Growth Companies or Empty Shells?

by Hiller Hardie 22. June 2012 11:00
    Two months after the JOBS Act was introduced, many “emerging growth companies” that benefit by reduced SEC and Sarbanes-Oxley compliance burdens, have practically zero employees. According to the Wall Street Journal, a large portion of the companies benefitting from reduced regulation are special-purpose acquisition companies, which are often used in mergers as a backdoor into U.S. stock listings. Watching this unfold is like witnessing a collision for the second time; it’s only been one year since the Chinese reverse-merger collapse, where several Chinese companies saw $18 billion of their capitalization vanish. Only adding to the mix, China announced a plan to gain local control over the Big Four accounting firms operating within its borders. This plan will amplify the problem, because the U.S. Securities and Exchange Commission needs to be able to ensure that listed companies accurately prepare their financial statements. This is difficult when the SEC cannot even gain access to Chinese-based auditors to ensure they are conducting quality audits. As a veteran Senator recently said, “Rather than growing our economy, we are courting the next accounting scandal, the next stock bubble, the next financial crisis.”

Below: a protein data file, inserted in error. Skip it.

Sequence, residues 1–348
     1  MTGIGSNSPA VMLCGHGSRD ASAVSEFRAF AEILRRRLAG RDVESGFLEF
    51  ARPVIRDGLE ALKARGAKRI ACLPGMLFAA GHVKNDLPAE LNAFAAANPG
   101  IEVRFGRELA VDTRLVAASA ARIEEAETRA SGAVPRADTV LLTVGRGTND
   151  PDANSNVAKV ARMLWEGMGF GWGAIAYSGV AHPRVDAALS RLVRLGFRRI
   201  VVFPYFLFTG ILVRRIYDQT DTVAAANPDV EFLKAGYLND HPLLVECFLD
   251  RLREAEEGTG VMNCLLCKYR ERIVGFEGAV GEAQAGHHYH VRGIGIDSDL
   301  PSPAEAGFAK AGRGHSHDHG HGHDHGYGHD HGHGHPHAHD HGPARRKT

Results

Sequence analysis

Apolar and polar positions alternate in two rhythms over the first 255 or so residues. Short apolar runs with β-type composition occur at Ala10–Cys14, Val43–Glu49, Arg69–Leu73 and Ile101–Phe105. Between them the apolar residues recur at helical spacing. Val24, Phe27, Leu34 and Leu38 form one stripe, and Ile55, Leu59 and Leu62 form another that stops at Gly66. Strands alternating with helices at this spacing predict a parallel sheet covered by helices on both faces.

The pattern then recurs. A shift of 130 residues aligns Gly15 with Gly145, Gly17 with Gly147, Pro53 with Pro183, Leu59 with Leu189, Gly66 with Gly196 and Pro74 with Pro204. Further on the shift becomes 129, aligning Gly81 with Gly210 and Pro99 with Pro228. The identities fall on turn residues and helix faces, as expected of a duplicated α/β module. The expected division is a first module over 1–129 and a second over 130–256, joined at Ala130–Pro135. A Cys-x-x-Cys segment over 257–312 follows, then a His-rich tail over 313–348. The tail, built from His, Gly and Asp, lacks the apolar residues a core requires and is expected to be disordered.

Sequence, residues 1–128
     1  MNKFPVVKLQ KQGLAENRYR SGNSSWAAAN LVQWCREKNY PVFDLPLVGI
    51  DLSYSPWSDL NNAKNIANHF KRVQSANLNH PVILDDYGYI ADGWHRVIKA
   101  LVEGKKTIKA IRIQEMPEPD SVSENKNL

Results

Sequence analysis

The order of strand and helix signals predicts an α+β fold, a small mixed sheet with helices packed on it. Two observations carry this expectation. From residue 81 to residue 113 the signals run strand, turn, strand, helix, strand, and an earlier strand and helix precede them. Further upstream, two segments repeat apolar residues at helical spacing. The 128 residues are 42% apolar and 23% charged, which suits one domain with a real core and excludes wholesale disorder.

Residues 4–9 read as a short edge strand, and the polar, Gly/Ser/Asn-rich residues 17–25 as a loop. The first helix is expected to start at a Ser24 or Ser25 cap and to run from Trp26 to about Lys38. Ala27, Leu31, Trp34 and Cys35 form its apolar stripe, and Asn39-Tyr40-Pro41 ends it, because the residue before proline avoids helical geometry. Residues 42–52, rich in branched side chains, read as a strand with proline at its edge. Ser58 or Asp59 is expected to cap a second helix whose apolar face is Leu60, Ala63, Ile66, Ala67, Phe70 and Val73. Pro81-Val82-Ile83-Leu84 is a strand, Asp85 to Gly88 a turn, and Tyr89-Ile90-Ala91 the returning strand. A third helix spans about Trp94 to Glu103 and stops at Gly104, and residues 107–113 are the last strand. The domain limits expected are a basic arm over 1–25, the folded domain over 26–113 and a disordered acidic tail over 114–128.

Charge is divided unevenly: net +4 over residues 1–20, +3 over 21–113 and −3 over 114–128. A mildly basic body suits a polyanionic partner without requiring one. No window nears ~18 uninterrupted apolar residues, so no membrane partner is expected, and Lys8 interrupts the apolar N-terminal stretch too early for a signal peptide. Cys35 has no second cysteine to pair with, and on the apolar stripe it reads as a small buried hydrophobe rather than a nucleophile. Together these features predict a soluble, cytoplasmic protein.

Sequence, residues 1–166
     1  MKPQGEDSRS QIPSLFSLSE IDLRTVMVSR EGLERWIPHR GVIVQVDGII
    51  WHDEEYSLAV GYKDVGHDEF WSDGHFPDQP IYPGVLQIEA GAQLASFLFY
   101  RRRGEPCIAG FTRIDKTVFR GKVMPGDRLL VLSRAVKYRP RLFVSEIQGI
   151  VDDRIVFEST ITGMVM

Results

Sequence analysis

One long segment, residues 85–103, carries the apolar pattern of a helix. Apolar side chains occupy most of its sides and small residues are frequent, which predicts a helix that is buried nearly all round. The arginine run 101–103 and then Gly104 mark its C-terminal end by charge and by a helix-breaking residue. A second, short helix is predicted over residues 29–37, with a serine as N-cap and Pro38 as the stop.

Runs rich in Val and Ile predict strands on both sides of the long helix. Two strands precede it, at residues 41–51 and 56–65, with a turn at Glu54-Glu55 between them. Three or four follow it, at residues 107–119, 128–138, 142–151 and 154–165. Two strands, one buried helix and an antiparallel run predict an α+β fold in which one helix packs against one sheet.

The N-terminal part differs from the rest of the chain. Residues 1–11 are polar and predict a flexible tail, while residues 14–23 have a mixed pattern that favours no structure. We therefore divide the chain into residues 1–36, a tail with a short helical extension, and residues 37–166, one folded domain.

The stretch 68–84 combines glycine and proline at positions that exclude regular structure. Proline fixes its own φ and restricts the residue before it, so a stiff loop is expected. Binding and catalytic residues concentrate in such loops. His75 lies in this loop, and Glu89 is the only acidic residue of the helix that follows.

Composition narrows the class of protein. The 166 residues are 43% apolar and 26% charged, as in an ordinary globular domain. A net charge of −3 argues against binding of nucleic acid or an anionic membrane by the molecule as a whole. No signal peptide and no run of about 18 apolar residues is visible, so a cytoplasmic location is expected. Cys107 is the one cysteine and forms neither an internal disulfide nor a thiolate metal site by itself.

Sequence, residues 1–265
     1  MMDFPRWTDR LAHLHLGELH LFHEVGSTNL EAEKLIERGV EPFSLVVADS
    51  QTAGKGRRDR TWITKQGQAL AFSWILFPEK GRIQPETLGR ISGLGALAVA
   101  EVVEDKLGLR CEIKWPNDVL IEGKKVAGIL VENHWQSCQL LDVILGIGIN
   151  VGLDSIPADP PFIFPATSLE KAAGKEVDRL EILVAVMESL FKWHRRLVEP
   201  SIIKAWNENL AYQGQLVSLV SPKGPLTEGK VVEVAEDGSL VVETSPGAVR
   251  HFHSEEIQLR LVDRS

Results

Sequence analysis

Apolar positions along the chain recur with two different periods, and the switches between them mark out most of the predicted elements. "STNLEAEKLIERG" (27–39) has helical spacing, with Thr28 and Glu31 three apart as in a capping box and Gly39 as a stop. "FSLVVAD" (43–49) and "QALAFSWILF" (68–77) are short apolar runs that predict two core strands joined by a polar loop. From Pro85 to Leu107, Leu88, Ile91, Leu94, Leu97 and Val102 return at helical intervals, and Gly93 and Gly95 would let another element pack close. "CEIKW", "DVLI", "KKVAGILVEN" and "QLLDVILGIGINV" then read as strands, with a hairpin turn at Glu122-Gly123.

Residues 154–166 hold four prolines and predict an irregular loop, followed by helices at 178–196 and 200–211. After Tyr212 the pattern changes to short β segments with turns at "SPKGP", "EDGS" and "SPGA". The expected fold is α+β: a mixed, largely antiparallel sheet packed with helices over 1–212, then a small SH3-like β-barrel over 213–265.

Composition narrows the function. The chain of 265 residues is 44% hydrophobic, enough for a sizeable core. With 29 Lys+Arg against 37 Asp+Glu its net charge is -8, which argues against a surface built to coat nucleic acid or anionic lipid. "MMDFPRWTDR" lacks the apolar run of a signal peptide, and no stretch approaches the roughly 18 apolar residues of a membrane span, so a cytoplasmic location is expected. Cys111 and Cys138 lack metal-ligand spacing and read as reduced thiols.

Categories: Advisory